One of the main elements of statistical analysis is making sure your data is a good representation of the population. The best way to do that is to make sure your sampled data is truly randomly selected.
I am going to show a quick method in Excel where we can select random names from a list (our population) of names. We will be using the following Excel functions to do so (if you are not familiar with them, don’t worry, I will walk you through it):
We will also be creating a Named Range.
Let’s start with the list. I have 14 names, and I want to randomly select 5 names from this list.
Index is a method for using the looking up elements in Excel using the indexes (row numbers, column numbers). Note the index is always a number, so when dealing with columns, don’t be tricked by the column letters assigned.
Here I am looking for the 5th index in my list of names
My result is Steve
You can also work horizontally. Here I am looking for index 3 from my horizontal list.
Result is d
Now watch this. I am asking for the 4th index in this list. What do you think it will be? The 4th row is Tyrone.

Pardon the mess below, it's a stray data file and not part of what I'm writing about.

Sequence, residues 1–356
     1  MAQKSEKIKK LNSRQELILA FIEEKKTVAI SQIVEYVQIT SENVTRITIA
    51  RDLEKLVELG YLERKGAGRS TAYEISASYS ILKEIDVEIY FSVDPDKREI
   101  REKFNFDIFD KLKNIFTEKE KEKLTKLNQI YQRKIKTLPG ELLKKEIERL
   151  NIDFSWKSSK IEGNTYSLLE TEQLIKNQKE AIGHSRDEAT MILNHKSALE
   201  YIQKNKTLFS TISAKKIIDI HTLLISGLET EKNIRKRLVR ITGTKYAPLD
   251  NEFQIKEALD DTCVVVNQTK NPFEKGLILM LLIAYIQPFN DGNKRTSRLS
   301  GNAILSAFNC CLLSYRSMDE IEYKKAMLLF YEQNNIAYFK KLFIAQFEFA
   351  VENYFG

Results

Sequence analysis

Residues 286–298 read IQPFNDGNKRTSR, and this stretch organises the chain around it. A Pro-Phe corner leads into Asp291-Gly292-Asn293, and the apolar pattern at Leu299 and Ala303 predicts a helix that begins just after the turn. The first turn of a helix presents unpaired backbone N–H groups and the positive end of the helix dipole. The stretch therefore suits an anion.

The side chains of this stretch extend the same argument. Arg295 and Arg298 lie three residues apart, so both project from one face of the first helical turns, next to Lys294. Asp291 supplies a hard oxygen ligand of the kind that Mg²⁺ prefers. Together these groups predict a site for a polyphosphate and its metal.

Nope, when running INDEX() the index starts at 1 – starting at the first element in the selected list. If you start counting with Gary, Karen is our 4th person down.
RANDBETWEEN accepts 2 arguments, high and low numbers in a range. It then returns a random integer from with the range.
RANDBETWEEN(1,20) will return an integer from 1 to 20 (including 1 and 20)
Now before me move forward, when formulas start to get larger (as they are about to) I look for ways to simplify the syntax. One trick would be to name our range.
Highlight all the names in your list, then go up to the name box and enter Names
Now combine RANDBETWEEN() and INDEX()
now try this: =INDEX(Names, RANDBETWEEN(1,14))
Hit enter and drag the formula down 5 cells
Now you have 5 random names selected from your list.